Religion & Beliefs

The Cynicism Behind Restoring Jewish Synagogues in Arab Countries

Are we witnessing a new vogue in restoring Jewish sites in the Middle East? The renovated Maimonides synagogue in Cairo will be officially inaugurated in March to much fanfare. The Maghen Avraham Synagogue in the heart of Beirut is being … Read More

By / January 27, 2010

Are we witnessing a new vogue in restoring Jewish sites in the Middle East? The renovated Maimonides synagogue in Cairo will be officially inaugurated in March to much fanfare. The Maghen Avraham Synagogue in the heart of Beirut is being rebuilt. Across Morocco and Tunisia, holy sites and synagogues are getting a facelift.

What is going on?

Nobody can pretend that these restored sites are ever going to be working synagogues. Like Hitler’s project for a Jewish Museum in Prague, they are monuments, perhaps not to an extinct race – most Jews escaped from these countries with their lives – but an extinct Jewish civilisation and way of life in Arab countries, predating Islam by a thousand years. Once spruced up, these synagogues will be nothing more than symbols. They will never again become the beating heart of a revived Jewish community. Fewer than 50 Jews live in the whole of Egypt; mostly old ladies married to Muslims or Christians. Ditto in Lebanon, the home of Hezbollah and Bourj al-Barajneh, where anyone openly identifying as a Jew risks life and limb.

There are two main reasons why Arab countries might suddenly show an interest in their Jewish heritage.

First, synagogues are good public relations for the regime in power. The unsuccessful candidate to head UNESCO, Egyptian culture minister Farouk Hosni, played on the restoration of the Maimonides synagogue to distract from his antisemitic slips-of-the-tongue about burning ‘Israeli’ books.

No matter if the country has no more Jews, a synagogue restoration project advertises ‘Arab tolerance’ and pays lip service to pluralism. "Look, we even have Jews here!" it proclaims. "Tolerance of Jewish cultural remains can be exchanged for Western goodwill and aid without necessitating any messy engagement with actual Israelis," as one journalist puts it.

The second reason is that Jewish sites bring in tourist dollars. Money spent on the Maimonides synagogue will be money well spent: Maimonides is set to become a top Cairo attraction, alongside the Ben Ezra synagogue, home of the famous Geniza.

The Spanish, who unceremoniously rid themselves of their Jews 500 years ago, have already cottoned on to the fact that a Jewish heritage can be a nice little revenue earner. Jewish centres, with very little about them that is Jewish except the odd weatherbeaten Hebrew tombstone and star of David, seem to have sprung up in almost every town in Spain.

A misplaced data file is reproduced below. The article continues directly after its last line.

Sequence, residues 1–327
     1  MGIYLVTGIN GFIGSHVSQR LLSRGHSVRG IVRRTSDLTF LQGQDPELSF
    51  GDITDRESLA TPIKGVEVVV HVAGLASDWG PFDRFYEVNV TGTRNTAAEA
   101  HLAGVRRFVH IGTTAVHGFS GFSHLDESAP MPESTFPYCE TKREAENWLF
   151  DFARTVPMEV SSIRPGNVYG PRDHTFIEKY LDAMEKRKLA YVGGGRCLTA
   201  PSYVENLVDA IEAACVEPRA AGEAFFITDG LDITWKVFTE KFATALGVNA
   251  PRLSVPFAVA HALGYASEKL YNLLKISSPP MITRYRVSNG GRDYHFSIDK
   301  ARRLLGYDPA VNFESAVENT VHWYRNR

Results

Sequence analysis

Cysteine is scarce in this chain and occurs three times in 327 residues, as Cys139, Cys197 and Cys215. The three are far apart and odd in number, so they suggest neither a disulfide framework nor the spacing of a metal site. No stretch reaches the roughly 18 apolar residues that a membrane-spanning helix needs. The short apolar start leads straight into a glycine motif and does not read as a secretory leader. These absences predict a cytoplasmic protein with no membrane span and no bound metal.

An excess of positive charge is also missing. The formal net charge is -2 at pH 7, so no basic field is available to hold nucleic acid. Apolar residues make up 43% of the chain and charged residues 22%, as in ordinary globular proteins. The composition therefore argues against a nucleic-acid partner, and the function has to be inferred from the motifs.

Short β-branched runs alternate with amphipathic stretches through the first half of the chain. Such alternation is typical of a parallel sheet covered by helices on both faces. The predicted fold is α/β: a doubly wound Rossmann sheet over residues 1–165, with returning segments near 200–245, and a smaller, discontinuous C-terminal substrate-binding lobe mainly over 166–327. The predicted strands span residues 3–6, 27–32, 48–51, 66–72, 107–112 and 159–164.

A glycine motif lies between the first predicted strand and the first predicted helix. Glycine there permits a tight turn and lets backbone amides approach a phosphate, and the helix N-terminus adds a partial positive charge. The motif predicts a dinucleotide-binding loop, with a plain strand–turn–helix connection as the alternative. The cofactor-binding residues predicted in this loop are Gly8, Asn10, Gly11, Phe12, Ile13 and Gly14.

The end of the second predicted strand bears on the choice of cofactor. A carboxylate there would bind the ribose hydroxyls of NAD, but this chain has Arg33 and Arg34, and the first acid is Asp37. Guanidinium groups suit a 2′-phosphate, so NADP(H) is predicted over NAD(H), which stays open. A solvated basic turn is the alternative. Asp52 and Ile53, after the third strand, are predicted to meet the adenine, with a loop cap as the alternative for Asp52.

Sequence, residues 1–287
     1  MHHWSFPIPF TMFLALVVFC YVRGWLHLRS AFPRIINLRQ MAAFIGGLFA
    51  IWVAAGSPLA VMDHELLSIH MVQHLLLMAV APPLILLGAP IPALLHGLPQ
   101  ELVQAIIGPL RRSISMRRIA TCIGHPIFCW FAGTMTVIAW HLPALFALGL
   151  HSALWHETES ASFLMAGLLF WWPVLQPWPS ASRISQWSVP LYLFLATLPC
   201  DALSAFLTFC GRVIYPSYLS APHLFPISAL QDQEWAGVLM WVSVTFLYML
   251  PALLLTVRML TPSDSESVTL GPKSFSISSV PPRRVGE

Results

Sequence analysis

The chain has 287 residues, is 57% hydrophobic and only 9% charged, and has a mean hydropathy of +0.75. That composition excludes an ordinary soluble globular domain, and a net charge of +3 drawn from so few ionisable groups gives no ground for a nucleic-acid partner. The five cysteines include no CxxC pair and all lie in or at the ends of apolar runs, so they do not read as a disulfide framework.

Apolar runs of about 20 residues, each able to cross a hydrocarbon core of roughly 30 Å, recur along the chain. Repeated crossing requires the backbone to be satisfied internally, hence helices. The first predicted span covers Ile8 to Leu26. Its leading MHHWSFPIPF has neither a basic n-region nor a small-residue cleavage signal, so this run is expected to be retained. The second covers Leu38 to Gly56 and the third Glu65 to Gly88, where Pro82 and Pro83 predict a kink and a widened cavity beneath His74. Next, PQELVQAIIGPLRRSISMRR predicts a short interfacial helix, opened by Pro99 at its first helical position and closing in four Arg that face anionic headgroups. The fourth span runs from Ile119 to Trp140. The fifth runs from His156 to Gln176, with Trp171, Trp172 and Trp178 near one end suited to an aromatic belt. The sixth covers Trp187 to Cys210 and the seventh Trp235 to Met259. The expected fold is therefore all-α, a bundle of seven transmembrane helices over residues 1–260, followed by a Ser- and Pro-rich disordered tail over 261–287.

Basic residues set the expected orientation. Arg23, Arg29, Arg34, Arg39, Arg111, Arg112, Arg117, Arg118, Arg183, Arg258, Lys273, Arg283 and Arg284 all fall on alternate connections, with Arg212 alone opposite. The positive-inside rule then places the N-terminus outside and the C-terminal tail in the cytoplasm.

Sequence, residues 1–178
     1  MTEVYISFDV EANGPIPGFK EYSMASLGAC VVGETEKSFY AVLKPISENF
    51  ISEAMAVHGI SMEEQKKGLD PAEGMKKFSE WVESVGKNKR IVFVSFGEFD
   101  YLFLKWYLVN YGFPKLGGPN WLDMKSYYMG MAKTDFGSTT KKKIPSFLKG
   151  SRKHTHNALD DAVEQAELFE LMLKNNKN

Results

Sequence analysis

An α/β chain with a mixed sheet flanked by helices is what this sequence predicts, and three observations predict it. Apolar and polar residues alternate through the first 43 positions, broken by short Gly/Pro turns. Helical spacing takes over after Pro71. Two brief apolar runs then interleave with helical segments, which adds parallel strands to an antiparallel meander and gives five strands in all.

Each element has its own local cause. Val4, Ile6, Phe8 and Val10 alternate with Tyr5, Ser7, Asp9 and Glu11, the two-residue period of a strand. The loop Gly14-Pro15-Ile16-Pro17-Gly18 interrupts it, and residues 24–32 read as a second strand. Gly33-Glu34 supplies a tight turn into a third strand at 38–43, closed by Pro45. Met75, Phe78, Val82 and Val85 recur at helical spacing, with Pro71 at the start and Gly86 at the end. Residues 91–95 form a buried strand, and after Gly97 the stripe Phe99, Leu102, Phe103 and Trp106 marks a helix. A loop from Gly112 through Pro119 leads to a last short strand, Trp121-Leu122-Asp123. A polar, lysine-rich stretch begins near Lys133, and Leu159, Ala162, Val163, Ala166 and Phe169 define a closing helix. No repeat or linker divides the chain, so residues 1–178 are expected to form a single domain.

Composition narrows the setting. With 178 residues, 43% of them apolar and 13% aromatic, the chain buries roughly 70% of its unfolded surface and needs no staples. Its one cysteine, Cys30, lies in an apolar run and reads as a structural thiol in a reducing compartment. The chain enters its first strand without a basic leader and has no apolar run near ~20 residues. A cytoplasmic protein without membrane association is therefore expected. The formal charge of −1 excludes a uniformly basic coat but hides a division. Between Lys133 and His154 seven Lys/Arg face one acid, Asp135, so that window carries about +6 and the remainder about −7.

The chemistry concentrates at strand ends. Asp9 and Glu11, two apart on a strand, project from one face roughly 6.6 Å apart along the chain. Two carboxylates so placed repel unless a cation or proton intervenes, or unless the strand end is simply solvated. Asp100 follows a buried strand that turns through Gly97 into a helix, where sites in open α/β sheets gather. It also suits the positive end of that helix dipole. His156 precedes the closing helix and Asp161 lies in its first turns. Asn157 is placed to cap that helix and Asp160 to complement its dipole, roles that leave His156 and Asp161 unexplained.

There is something rather cynical in the fact that Arab governments who threw their Jews out, stole their assets and destroyed their cultural and religious sites – or let them go to rack and ruin – are ready to make money out of a Jewish heritage they consider belongs to them. And the height of chutzpa, it seems to me, is that they are prepared to go cap in hand to Jewish communities abroad asking them to fund restoration projects out of their own pockets.

In fairness, the Egyptian authorities are sinking substantial public funds into the Maimonides synagogue. But this project is exceptional. A Jewish philanthropist in Geneva donated one million dollars for the restoration of the Art Deco Cairo synagogue in Adly Street. The Egyptian Antiquities authorities only contributed a small sum towards a facelift for the synagogue’s 100th anniversary. Another one million dollars was given by a Jewish donor in the US to pay for the restoration of the Ben Ezra synagogue.

Lebanese developers are only contributing ten percent of the cost of renovating the Maghen Avraham synagogue – the rest must come from private Jewish donors.

I once argued with a well-known British journalist that donations from Jews to restore synagogues in Arab lands were a kind of modern-day jizya or poll tax, extracted from dhimmis by their overlords. She retorted that, jizya or no, it was better that a synagogue building should testify to the fact that a Jewish community once existed – and often thrived – in these countries. If synagogues were not restored, she said, there would be nothing to tell people that Jews ever lived there.

For every restored synagogue, dozens have fallen into disrepair, are being used as gyms or offices, or are being converted to mosques.

At the end of the day, I suppose she is right.